Lacoste is an idyllic French village, full of Provençal allure, but, villagers say, its charms are under threat—ever since Pierre Cardin came to town. The Italian-born fashion designer has sparked a vitriolic feud that centres on Lacoste’s very identity: opponents say he’s gutting the town’s soul by transforming it into his own backcountry retreat; supporters say he’s bringing in much needed tourist dollars and employment.
The 89-year-old says he’s trying to create a “cultural Saint-Tropez.” Since his first purchase in 2001—the hilltop castle where the Marquis de Sade once hosted orgies—Cardin has sunk over US$30 million into Lacoste, staging festivals, rebuilding statues and buying up 22 properties on the town’s main drag, known derisively as “Cardin’s Champs Élysées.”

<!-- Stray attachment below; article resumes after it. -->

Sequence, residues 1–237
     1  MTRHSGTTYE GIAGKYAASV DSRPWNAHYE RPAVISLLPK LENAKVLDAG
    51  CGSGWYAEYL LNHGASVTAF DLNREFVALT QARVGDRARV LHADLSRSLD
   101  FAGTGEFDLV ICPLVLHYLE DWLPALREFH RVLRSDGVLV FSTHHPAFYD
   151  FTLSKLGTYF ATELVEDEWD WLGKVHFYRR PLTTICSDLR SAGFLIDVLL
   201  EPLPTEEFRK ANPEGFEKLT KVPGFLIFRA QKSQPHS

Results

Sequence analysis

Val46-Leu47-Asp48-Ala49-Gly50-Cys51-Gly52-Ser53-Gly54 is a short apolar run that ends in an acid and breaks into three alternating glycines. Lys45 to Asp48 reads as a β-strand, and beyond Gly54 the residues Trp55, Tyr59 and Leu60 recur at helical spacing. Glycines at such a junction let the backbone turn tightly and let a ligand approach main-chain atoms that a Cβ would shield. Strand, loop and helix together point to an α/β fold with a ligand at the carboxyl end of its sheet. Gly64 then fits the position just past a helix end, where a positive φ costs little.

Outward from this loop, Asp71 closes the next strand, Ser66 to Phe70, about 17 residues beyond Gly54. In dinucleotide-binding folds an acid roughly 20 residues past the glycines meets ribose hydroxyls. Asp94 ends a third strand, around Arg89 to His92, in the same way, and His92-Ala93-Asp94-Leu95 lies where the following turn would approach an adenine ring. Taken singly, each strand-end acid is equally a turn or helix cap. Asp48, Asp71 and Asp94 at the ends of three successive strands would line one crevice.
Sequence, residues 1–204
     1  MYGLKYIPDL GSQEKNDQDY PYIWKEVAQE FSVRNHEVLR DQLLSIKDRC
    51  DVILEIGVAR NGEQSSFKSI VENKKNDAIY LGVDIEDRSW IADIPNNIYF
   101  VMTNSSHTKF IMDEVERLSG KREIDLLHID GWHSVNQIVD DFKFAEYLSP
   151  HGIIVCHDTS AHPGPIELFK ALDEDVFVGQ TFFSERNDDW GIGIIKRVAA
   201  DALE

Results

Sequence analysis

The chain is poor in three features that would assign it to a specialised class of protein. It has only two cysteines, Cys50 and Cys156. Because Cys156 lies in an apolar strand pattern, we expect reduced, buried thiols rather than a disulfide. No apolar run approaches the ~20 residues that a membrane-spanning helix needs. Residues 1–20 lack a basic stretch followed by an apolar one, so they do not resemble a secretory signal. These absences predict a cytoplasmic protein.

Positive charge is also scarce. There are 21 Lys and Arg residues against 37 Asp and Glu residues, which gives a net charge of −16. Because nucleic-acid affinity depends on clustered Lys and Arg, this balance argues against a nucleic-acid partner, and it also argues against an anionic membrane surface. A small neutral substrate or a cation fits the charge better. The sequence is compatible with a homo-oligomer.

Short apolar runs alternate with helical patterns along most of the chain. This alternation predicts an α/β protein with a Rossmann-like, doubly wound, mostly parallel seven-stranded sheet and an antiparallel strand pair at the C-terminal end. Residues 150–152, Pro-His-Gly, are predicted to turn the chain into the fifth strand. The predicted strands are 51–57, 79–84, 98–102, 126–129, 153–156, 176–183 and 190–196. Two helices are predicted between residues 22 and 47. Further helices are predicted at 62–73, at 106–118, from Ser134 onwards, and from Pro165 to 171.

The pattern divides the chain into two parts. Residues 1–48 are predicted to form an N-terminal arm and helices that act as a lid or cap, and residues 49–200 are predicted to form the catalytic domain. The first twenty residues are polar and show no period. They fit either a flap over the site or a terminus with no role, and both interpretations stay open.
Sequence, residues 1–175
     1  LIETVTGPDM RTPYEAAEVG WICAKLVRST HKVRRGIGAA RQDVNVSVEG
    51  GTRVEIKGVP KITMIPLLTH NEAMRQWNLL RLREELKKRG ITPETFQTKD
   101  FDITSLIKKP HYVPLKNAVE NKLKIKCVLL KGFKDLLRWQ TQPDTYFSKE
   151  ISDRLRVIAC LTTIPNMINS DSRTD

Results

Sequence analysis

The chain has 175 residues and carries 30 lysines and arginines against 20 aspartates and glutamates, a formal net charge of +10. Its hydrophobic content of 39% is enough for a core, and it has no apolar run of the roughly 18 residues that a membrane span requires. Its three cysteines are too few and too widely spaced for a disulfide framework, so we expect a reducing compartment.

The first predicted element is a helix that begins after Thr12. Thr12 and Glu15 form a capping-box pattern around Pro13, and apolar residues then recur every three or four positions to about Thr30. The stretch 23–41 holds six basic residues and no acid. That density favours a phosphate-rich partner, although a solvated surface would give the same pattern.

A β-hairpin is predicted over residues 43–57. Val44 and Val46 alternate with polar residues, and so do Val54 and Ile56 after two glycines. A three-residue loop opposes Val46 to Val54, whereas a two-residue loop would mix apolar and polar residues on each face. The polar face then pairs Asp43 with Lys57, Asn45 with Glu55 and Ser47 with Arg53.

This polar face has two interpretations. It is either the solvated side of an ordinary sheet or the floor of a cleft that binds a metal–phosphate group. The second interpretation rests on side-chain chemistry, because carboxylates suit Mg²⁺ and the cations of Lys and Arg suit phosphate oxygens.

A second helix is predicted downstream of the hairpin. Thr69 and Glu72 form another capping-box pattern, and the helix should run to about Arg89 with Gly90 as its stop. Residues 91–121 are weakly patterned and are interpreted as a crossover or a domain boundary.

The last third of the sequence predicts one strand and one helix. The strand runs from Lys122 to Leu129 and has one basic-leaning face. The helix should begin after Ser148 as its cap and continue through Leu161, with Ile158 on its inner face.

Simmering tensions recently bubbled over; protesters on tractors—some wielding pitchforks—angry over a proposed golf course, blockaded the opening of a musical Cardin had commissioned, forcing him to abandon his plans.
“Before he came, I used to have friends,” long-time resident Colette Truphemus recently told the BBC. “Now there’s nothing. No life, no friends. He has killed the village.”